In a small town in the state of Hessen in southern Germany there is a long street situated near the centre of the town overlooked at one end by an enormous hotel.  Along most of the length of the street there are private clinics making it a veritable Harley Strasse! The first clinic on the street lies derelict now but it was originally the combined home and practise of a urology specialist, Doktor Klaus Kraft.

Born in 1910, it appears Herr Doktor Kraft practised with his wife and/or another partner. He died in October 1988 at the age of 78 but the house was clearly still occupied for some time afterwards - whether or not it still functioned as a clinic after his demise is unclear - until his wife eventually passed away. The house lies derelict now just a few yards from the busy centre of town and it is very much a time capsule with masses of interesting artefacts scattered about everywhere you look. The fact of there being so much stuff left behind would tend to indicate that in all likelihood the doctor and his wife had no children, or that possibly they were pre-deceased but it has proved singularly difficult to find out anything much at all about this enigmatic location.

The building oozes an atmosphere of the macabre, not least on the ground floor where there are two consulting/operating rooms complete with an array of medical equipment still in place - drugs, surgical equipment, couches with leg stirrups, and even the operating lights. In an anteroom off one of the consulting rooms there is a large trolley upon which there are eight human kidneys pickled in formaldehyde in square glass cases!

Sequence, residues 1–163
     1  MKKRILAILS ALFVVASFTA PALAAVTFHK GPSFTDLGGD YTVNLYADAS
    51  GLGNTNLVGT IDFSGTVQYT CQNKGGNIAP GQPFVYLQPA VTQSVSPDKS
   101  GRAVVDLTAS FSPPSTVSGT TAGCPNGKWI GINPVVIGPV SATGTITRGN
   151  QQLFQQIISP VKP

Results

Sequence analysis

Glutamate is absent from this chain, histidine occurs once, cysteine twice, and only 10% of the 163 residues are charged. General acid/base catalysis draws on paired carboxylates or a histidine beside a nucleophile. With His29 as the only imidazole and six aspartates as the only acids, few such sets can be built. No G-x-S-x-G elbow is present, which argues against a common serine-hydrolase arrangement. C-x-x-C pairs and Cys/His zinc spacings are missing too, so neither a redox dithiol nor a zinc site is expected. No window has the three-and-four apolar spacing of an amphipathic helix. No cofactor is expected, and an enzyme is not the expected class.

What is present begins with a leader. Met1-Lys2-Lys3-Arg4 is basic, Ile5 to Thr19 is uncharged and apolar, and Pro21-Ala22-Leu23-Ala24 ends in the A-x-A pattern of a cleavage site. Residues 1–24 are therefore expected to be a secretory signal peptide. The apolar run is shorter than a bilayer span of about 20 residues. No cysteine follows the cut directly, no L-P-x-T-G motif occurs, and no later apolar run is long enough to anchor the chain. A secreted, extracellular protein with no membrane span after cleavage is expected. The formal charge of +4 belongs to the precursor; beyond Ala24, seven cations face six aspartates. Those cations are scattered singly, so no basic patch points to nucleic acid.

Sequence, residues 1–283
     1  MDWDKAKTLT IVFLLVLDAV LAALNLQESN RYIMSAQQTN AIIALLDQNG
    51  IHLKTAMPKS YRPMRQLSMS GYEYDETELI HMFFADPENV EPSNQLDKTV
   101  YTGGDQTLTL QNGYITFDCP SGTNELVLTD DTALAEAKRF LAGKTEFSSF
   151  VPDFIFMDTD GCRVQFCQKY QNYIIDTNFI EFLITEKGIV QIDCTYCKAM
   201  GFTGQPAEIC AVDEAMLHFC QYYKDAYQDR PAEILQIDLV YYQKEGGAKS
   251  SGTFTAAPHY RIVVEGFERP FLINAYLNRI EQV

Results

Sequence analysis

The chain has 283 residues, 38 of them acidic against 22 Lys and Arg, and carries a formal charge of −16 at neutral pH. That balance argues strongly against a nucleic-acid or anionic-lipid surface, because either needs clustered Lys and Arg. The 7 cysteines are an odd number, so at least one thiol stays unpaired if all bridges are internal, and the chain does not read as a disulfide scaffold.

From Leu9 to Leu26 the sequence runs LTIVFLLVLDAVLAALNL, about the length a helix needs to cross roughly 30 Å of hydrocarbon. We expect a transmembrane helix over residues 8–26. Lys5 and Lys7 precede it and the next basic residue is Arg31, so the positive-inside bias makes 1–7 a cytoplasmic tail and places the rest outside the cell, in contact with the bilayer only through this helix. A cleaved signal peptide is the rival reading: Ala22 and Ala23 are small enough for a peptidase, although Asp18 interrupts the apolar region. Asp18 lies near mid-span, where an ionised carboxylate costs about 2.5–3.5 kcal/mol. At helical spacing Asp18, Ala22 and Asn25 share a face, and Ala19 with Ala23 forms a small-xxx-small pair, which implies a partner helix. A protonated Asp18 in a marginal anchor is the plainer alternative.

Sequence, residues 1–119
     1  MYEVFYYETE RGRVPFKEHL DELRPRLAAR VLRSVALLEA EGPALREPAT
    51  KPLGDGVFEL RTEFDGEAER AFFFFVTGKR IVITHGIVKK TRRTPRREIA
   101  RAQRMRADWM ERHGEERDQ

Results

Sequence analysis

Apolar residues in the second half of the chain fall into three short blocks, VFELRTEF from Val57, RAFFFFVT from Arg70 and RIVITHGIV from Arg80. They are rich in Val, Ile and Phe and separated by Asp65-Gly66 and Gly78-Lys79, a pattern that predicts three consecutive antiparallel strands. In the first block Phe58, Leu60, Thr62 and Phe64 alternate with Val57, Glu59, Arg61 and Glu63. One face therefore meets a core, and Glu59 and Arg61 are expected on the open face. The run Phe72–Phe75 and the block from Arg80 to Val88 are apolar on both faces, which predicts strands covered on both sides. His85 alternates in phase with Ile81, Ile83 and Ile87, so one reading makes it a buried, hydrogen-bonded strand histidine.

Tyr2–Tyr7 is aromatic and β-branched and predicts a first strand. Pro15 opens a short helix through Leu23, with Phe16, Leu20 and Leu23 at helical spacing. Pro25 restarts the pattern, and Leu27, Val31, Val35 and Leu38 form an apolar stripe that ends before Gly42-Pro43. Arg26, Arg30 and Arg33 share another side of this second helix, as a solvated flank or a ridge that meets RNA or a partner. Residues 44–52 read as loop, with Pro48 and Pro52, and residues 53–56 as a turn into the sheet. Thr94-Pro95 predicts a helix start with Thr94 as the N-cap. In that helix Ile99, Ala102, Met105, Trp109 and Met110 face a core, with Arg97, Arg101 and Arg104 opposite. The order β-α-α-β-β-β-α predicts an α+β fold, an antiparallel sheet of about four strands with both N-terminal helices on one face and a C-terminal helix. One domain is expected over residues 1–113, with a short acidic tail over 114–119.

It appears the doctor had a strange taste in art for there are several prints of females in pretty pastel summer dresses dotted around the house, not in itself anything particularly unusual until closer inspection reveals that the women wearing the dresses are skeletal and very much in the style of the renowned German artist H. R. Geiger, he of 'Alien' and 'Necronomicon' fame...

Very odd indeed!

Also on the ground floor there is a room which must have been really lovely in it's time, for it looks out across a large private garden and has heavily stacked book shelves along much of the walls - clearly it was a study or a library. A quick look at some of the titles was interesting in itself, one potentially pointing to Nazi sympathies for it was a title on Albert Speer, Hitler's architect. Given that the doctor was at his prime during the Nazi era this is perhaps not particularly surprising.

The bright and airy first floor is reached by a grand curving staircase and constitutes the living area of the house with a lounge plenty big enough for a full size Steinway grand. But here again there is a hint of the macabre for a large, moth eaten, stuffed fox sits atop the mouldering remains of the once mighty piano.  Someone in the household was very much into hunting for there are a number of animal skins and the horns of small deer or mountain goats left lying about. We also found several black and white photographs, presumably of Doctor Kraft and his wife, which look like they were taken on holidays in the early 1950s. A well equipped kitchen opens off the first floor hall but bizarrely there is also what appears to be a small ward to the rear of the kitchen hinting at in-patient treatment on a limited scale. Towards the front of the house we found a room containing several wardrobes with clean and immaculately pressed lady's clothing left hanging there, some of it still in plastic wrap as though it has just come back from the dry cleaners.